When the Jesus tells us to go into our inner room to prayer (Mt. 6: 6) the reality of his words are lived out through the act of meditation. However, that inner room is part of a bigger home and one can never remain isolated in that room. The final part of Carmelite meditation is the movement from the inner room of prayer (the heart) into the outer world where the lord continues to meet us via our neighbors. The love of the Spirit, which has been poured forth into our hearts (Rom. 5:5), is never a private gift. It is a gift that we grow in through meditation. Through growth in it that love will always over flow and spilling out into the world helping it to see its creator and lord. Christian mediation, via the Carmelite Tradition, always has the external focus understood through the call to save souls, a salvation that comes through an encounter with Christ. The movement from the interior to the exterior is the final brush stroke that St. Teresa of Jesus used to finish her master piece The Interior Castle. She uses the image of the holy sisters Mary and Martha to instruct her sisters about this outer zeal for souls as the final aspect to Carmel’s life of prayer.
The Oven’s Heat
The movement to an outer zeal requires the heart to be pointed in the necessary direction. Our own desires and appetites will always cause a misdirection of this outer zeal negatively impacting whatever the apostolic work the person may engage in through their lives. By understanding this danger of misdirection coupled with purification through the process of meditation the unifying underpinning of Carmelite meditation is revealed. Christian hearts are called to follow the same rhythm of the Sacred Heart of Christ. Meditation aids in the ability to hear that sacred heart beat and become harmonized to it. The reality of this harmonized is expressed through a tradition called ejaculatory prayers, or little prayers (a sentence of two), that rise in the heart for God. These prayers are carried throughout the day following meditation as a way of guiding and directing the heart through the day. These prayers, as a gift from the Spirit revealed through meditation, are a means of supplying the necessary spiritual nourishment for sous through out the day. Souls of not merely the one that practices meditation but for all that are in contact with it. This nourishment for others is like an oven. One doesn’t need to be in the oven to feel its heat just by being around it one begins to feel it. A heart on fire with the Spirit of God radiates this heat of love that impacts all around it. Meditation is simply a means of stoking that fire so its heat can increase.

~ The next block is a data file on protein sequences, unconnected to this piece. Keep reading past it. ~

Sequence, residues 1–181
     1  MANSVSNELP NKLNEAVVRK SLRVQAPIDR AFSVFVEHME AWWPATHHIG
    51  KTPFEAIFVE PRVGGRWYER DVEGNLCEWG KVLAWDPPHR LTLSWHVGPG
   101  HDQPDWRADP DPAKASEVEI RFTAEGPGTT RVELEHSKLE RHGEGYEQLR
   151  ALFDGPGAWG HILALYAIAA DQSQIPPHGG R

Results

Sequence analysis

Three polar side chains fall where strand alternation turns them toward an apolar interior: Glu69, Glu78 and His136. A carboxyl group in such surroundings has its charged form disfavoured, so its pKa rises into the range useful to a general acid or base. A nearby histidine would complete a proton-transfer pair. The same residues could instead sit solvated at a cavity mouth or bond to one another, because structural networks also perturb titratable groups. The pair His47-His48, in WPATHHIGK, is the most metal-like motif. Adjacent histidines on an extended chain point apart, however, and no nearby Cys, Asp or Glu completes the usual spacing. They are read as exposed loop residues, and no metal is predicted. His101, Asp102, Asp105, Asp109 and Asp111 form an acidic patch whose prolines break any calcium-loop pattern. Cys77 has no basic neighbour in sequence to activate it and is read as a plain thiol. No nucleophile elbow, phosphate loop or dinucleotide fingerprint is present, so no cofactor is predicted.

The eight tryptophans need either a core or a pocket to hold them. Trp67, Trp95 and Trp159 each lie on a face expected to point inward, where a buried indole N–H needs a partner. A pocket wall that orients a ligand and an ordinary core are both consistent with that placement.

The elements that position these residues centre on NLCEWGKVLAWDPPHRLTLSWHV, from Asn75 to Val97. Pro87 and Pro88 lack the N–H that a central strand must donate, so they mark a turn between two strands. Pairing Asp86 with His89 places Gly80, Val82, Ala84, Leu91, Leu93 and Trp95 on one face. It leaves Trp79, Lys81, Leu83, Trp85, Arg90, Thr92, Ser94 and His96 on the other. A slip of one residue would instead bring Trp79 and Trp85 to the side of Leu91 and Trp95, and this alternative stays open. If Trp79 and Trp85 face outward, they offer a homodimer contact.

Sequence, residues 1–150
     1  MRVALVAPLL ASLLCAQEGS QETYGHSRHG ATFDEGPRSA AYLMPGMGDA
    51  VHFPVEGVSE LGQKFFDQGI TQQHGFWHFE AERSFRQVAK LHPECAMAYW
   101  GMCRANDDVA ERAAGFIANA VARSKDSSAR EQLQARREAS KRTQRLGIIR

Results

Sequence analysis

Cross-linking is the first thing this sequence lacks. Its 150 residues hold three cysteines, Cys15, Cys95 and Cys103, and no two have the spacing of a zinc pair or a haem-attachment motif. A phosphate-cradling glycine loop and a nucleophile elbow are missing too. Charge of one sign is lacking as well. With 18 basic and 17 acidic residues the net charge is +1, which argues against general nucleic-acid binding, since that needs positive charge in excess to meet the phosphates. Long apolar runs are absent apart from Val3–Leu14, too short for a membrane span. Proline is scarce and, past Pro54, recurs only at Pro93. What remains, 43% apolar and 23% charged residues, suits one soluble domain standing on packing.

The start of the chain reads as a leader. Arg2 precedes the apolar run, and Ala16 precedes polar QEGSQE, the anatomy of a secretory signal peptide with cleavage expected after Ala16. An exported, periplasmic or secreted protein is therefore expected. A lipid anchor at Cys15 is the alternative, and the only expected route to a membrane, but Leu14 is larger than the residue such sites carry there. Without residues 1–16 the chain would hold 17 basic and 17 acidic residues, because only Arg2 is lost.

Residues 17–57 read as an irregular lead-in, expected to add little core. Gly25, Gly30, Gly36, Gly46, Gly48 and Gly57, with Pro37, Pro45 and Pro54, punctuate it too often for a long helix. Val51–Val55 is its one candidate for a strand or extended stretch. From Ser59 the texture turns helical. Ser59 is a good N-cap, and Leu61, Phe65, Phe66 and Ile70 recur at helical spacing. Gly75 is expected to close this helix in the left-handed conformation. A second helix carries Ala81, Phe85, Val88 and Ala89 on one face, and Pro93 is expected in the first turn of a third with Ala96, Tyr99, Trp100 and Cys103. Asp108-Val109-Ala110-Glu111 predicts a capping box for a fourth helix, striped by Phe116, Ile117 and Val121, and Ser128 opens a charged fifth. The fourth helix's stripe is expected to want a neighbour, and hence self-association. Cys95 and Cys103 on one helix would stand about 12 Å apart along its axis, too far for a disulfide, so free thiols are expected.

Intimacy to Mission
Thus, we can see the intrinsic relationship between the interior work of the soul through meditation and the external act of evangelization. The flame of God’s love doesn’t need our protection. Through our desire to protect it we in turn smother it. One cares for the fire of love through sharing it. This act of opening the intimacy that comes about through meditation the mission of Christ to make the father known is continually perpetuated. Intimacy with the lord always leads to the mission of making him known, because who would hide the light of a lamp under a wicker basket (Lk. 11:33). Joy grows through sharing. That reality of joy is lived out in the life of Christ when he shares what is necessary for the apostles at the Last Supper (John 15). One of the things that animates his action is the desire that his “… joy may be in you, and that your joy may be full.” The fullness of joy only comes about in the act of sharing the source of it. This act of sharing the source of joy, Jesus Christ, is the necessary point of completeness in the practice of meditation because at its heart Christian meditation is about the cultivation of the fruit of the Spirit. A fruit that is always meant to be shared and thus strengthen the people that the lord has made and called unto himself.
(Part seven: The sixth Step of Meditation in Carmel from the Devotio Moderna)
It is impossible to imagine how happy I am. I feel peace, so intimate a joy that I tell myself that if people in the world would see this happiness, all would run to shut themselves in convents. ~ St. Teresa of Jesus of the Andes (Letter 133)